British Airways strike to go ahead as rail union votes for walkout

British Airways strike to go ahead as rail union votes for walkout

Friday, March 19, 2010


••• Final hour talks to avert a three-day strike by British Airways cabin crew collapsed today, just hours after Britain’s disgruntled rail workers voted to walk out.

There was misery for holidaymakers today as last ditch talks aimed at averting strikes by British Airways cabin crew collapsed.

Planned industrial action will go ahead from midnight after officials from the Unite union failed to reach a breakthrough with BA’s chief executive Willie Walsh in a bitter row over cost-cutting.

Unite’s joint leader, Tony Woodley, said he was “extremely disappointed” that the efforts to head off a three-day strike from tomorrow had failed and accused BA of wanting a “war” with the union.

He emerged from five hours of talks with Mr Walsh at the TUC headquarters in London today saying BA had tabled a worse offer than one withdrawn last week.

He said: “It is an absolute disgrace and an insult to our people that he (Mr Walsh) tabled a deal that reduced the amount of pay on offer.

“It is ridiculous to expect anyone to go to their membership with a worse offer.”

The union has announced another four-day walkout from March 27 which will spell misery for the great Easter getaway.

And the news came just hours after railway signal workers voted for the first national rail strike in 16 years, which is expected to add to the transport chaos.

The Rail Maritime and Transport union announced it had received an overwhelming support from workers for strike action – with more than half in favour of the national stoppage.

RMT said 54 per cent of its members backed strikes, with 77 per cent supporting industrial action short of a strike. Turnout in the ballot was 71 per cent.

Maintenance workers belonging to the RMT union have already voted to go on strike in protest at the 1,500 job losses at Network Rail.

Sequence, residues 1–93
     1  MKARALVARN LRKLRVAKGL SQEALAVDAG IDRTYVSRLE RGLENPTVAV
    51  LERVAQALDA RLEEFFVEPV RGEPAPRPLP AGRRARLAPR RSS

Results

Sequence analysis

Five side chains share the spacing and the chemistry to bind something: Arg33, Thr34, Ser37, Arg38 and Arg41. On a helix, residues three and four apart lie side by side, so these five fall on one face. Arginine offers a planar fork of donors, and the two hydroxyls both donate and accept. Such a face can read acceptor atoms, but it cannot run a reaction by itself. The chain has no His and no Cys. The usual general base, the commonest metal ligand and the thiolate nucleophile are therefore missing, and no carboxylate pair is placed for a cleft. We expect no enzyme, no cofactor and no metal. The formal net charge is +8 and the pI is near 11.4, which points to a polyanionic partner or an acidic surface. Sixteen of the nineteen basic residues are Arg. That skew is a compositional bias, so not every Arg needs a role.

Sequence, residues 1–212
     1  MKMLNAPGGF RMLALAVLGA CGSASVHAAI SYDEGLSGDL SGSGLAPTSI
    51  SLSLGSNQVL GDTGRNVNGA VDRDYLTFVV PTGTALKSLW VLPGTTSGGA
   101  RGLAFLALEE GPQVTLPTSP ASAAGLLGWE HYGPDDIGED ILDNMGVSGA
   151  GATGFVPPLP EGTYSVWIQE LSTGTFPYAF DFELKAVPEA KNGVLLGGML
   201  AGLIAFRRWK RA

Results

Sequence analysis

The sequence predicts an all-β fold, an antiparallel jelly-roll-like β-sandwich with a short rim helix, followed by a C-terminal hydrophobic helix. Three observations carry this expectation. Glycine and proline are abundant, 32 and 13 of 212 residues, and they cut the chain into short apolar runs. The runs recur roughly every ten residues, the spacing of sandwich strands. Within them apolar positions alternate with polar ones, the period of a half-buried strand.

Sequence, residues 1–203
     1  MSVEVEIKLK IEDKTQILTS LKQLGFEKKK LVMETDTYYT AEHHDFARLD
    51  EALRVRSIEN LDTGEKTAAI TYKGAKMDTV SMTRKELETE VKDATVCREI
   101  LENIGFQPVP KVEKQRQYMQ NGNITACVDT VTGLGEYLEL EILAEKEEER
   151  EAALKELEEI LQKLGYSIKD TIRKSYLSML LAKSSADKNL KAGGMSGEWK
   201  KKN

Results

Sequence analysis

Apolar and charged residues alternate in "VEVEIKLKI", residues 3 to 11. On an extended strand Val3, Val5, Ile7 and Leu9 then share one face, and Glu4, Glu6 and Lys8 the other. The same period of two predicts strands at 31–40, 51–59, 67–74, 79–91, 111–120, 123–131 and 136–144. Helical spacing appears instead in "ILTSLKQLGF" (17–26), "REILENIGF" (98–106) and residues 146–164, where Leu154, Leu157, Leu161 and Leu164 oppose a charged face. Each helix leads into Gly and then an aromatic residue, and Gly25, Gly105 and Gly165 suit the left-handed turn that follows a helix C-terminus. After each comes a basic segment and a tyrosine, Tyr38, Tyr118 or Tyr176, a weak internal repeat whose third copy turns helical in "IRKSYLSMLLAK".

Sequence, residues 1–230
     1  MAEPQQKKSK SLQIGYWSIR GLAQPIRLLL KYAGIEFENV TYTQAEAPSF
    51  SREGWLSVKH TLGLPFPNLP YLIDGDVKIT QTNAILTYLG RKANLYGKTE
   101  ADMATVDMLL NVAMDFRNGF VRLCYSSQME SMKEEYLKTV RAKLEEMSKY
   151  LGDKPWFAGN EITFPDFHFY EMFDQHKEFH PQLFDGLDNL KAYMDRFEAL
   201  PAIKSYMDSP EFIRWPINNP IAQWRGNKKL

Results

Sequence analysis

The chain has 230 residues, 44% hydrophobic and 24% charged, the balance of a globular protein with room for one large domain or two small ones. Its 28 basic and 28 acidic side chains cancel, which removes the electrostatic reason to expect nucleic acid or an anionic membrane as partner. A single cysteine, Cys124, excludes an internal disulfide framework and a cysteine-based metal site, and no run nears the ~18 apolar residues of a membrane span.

The RMT’s executive will meet next Thursday to consider its next move, warning that action will be called if there is no progress in the dispute.

RMT general secretary Bob Crow said: “Once again in this ballot RMT members have shown that they back the union’s campaign against Network Rail’s cuts programme and the assault on jobs and working conditions that even the Government’s own regulator, the Office of Rail Regulation, has said will have severe safety implications out on the tracks.

“Nobody should be under any illusions about just how determined RMT members are to win our fight against Network Rail’s cuts programme and to stop this reckless gamble with rail safety.

“Over 150 MPs have signed an Early Day Motion opposing Network Rail’s cuts plans and have urged the Government to intervene to call a halt to this jobs carnage on the tracks.

“RMT remains committed to reaching a negotiated settlement with Network Rail based on protecting safety-critical jobs and safe working practices. With the combination of the strike mandates, political and public pressure the focus is now on the company to pull back from the brink and reverse their cuts programme.”

Yesterday RMT officials met executives at Network Rail (NR), which is seeking to cut jobs and change working practices to allow more maintenance work to be carried out at weekends.

The company described the talks as “professional” and “business-like”, and the RMT negotiators will report back to the union’s executive today.

Members of the Transport Salaried Staffs Association have also voted in favour of industrial action, threatening the biggest outbreak of industrial unrest on the railways for more than a decade.

NR has said 1,100 workers have already volunteered for redundancy and the “vast majority” of the 1,500 cuts will be achieved without the need for compulsory lay-offs.

The firm said it believed it could keep trains running in the event of a strike by maintenance workers, adding that it was not prepared to have the RMT “hold the country to ransom”.

NR placed full-page adverts in national newspapers yesterday, warning that strikes would be “totally unjustified”.

Cabin crew strike
Unite, the trade union that represents the majority of British Airways (BA) cabin crew, has announced its intention to take strike action from 20 to 22 March and 27 to 30 March 2010.
Updated information including some cancellations for flights departing on 23 and 24 March 2010

• Source(s): U.K. Press, ITN & British Airways


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